Is your child a flexible thinker? Are you, in your classroom, promoting flexible thinking?
With acknowledgements to Amanda Morin and the ‘Understood’ team.
- Children with weak flexible thinking skills have trouble knowing when not to use typical grammar and pronunciation rules.
- They may have difficulty understanding abstract concepts in maths and reading
- There are tools and strategies that can help your child or learner in the classroom think less rigidly.
Flexible thinking is something we use every day. For instance, when a plan goes wrong, you need to be able to think of an alternative. For instance, if your usual route to work is blocked, you’ll visualise an alternative to get to your office. We need to be able to quickly switch gears and find new solutions to problems.
Many children with learning and thinking differences struggle with flexible thinking, which plays an important role in how they learn and adapt to new information. Here are six ways kids use this skill for learning.
- Flexible thinking and real-life learning
The term ‘cognitive flexibility’ includes flexible thinking and set changing. Flexible thinking is when children are able to think about something in a new way. Set changing is when they can let go of ‘old ways’ of doing and adopt new ways. For instance, when learning to lie shoelaces, children start out with the ‘bunny ears’ method of making each lace into a loop. Then they often progress to the ‘squirrel in the tree’ method of making one loop and wrapping the other lace around it. Flexible thinking enables children to consider the new squirrel approach. Set shifting helps them ‘unlearn’ the bunny ears way in order to use the new method.
Kids who are rigid in their thinking have difficulty moving beyond the more basic ways of doing things. When kids have weak flexible thinking skills, taking on new tasks and responsibilities as they get older may be tough.
- Flexible thinking and reading
Children use flexible thinking both for learning to read and for reading to learn. At first, flexible thinking enables them to understand how the same letter combination can make different sounds. (For example, the combination of ‘ough’ in words like enough and dough.) It also helps understanding of how words can be used in more than one way (We slip on the banana peel and also sign the permission slip.)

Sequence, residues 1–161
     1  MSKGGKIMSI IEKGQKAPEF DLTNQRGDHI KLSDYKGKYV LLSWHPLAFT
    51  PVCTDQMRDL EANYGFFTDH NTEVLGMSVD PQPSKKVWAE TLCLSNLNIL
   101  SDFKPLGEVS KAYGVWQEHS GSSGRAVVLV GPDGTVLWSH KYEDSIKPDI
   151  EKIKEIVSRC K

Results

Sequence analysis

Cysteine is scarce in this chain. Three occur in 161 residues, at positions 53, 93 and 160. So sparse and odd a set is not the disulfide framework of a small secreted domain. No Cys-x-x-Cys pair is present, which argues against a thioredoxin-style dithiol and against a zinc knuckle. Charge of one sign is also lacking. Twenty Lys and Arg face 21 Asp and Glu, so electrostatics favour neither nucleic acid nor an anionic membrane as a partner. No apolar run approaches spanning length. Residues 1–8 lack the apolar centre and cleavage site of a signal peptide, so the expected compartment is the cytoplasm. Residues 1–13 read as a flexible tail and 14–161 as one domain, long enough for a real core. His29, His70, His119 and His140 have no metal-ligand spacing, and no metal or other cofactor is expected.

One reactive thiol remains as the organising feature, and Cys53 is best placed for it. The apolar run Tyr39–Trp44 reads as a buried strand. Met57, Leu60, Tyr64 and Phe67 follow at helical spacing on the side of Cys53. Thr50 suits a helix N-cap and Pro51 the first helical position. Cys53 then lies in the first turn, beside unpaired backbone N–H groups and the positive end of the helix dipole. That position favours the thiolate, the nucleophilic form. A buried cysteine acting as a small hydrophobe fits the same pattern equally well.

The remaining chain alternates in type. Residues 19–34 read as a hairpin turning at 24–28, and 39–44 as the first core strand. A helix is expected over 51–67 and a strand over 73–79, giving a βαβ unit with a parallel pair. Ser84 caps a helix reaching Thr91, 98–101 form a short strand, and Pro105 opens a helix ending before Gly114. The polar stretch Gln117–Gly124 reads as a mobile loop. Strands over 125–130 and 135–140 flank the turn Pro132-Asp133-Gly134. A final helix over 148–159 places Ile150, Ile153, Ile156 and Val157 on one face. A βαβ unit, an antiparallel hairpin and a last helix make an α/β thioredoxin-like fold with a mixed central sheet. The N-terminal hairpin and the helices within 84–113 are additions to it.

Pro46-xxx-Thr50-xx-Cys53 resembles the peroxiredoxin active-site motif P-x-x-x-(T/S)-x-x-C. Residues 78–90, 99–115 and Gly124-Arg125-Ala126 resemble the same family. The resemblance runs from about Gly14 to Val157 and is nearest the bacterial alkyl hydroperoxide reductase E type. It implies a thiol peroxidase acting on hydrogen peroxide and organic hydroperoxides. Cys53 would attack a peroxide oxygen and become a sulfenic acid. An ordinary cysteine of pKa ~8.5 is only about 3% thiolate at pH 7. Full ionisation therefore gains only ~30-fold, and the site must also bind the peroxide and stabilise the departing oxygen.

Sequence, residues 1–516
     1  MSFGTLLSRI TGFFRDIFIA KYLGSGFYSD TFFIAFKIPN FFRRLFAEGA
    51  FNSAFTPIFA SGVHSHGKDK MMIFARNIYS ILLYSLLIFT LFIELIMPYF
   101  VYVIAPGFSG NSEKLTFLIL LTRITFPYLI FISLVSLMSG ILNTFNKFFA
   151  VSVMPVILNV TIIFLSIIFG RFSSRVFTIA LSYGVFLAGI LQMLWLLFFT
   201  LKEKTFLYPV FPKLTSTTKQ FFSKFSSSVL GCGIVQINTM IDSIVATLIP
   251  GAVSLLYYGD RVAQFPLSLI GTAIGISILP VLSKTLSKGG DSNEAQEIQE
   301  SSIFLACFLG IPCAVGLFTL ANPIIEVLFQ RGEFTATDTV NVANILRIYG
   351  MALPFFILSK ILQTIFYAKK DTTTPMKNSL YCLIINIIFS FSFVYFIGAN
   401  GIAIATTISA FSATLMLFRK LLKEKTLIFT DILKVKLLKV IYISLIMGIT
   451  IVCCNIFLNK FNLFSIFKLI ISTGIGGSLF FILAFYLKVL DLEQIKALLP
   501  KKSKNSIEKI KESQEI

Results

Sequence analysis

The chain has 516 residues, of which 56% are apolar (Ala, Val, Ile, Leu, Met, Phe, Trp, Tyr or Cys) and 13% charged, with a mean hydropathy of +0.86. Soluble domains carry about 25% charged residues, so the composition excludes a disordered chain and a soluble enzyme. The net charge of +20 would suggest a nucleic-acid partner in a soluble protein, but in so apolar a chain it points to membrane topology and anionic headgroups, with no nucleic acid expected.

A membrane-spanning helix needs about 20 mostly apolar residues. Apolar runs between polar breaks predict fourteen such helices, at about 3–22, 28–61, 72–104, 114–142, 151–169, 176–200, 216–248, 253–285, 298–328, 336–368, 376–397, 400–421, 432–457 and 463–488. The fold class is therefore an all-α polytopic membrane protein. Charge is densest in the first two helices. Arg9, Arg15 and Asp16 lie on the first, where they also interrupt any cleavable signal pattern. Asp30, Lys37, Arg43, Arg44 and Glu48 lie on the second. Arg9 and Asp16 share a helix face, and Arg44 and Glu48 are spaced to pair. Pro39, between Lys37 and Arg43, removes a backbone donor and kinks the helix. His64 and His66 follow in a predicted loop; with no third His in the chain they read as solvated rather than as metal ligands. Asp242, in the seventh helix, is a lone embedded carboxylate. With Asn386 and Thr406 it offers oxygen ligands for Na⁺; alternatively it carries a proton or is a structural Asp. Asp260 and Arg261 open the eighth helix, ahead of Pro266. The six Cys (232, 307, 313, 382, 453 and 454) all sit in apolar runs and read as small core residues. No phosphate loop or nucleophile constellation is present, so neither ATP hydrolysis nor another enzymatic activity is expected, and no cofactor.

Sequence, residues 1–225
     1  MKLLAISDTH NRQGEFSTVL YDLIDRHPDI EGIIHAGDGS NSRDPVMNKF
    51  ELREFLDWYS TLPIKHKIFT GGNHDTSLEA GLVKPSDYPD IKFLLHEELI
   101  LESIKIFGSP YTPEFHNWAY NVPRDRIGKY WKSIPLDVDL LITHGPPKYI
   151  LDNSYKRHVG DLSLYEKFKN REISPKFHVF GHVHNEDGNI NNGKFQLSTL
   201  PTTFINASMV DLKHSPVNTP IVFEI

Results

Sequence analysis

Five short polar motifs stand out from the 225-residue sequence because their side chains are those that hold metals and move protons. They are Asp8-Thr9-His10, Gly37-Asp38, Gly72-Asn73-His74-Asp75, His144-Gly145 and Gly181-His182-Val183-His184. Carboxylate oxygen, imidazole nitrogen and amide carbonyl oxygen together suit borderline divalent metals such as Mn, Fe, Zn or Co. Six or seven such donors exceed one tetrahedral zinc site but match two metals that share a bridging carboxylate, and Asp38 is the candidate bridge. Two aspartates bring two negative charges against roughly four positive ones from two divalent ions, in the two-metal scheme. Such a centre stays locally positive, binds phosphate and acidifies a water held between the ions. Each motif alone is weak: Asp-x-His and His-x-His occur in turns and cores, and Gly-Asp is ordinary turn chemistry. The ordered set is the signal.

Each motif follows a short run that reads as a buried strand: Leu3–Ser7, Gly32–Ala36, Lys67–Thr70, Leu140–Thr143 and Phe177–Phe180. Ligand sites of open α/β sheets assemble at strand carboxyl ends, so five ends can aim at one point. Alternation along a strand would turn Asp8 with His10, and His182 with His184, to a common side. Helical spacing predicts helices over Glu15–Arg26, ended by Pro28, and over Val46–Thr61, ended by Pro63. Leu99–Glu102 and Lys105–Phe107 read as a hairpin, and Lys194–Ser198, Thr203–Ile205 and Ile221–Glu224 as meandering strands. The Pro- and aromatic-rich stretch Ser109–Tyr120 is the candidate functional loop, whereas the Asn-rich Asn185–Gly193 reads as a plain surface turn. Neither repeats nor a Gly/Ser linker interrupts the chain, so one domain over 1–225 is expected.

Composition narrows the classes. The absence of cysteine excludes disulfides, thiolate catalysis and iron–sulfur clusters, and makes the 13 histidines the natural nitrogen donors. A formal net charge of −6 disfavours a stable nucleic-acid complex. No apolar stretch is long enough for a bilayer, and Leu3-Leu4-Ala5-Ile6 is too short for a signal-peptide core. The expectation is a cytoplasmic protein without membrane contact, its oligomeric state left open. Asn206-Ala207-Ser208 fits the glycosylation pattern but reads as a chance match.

When children begin learning from books, they need flexible thinking to understand what information is important and what details are used merely to add to a description. It also helps them understand the perspectives of different characters.
- Flexible thinking and language learning
Flexible thinking allows children to understand idioms (‘keep your ear to the ground’) and puns (‘the joke about the duck quacked me up’).
It helps them to learn the rules of language, for example, knowing that the way to put most words into the past tense involves adding ‘-ed’ to the root word. It also helps them come to terms with the exceptions to the rules so that it makes sense that the past tense of ‘go’ is ‘went.’ When learning a second language, it helps to understand that the same letters have different sounds.
- Flexible thinking and writing
Writing is complicated for children. When they struggle with flexible thinking, their writing may not have enough supporting details, or have lots of language errors. They may find it easier to learn by listening to how people speak the language rather than trying to learn the rules from a textbook.
- Flexible thinking and maths
Flexible thinking is a key skill in maths. It is used to find ways to solve word problems and to understand that, for example, a phrase like ‘how many in all’ means that addition needs to be used. It helps them realise that there’s more than one way to solve a maths problem and also how a new type of problem can be solved using a formula they already know.
- Flexible thinking and studying
Doing homework and studying for a test needs flexible thinking too. Knowing how to switch between different subjects during homework time becomes increasingly important as children grow older and have more work to juggle. Answering maths problems need different strategies than a writing assignment. Flexible thinking allows youngsters to change their thinking to handle both.
Studying requires this skill too. They need to work out to what kind of information they need to pay the most attention. Which facts need to be memorised and which need to be understood in order to cope with a multiple-choice format.
The good news is that there are ways to help. Teachers can use strategies in the classroom to teach in ways that make more sense to a child. Parents can play games at home to build children’s flexible thinking skills.
Visit the Understood website to find suggestions of ways that you can help. They are a valuable source of information relating to children’s learning problems and can be recommended.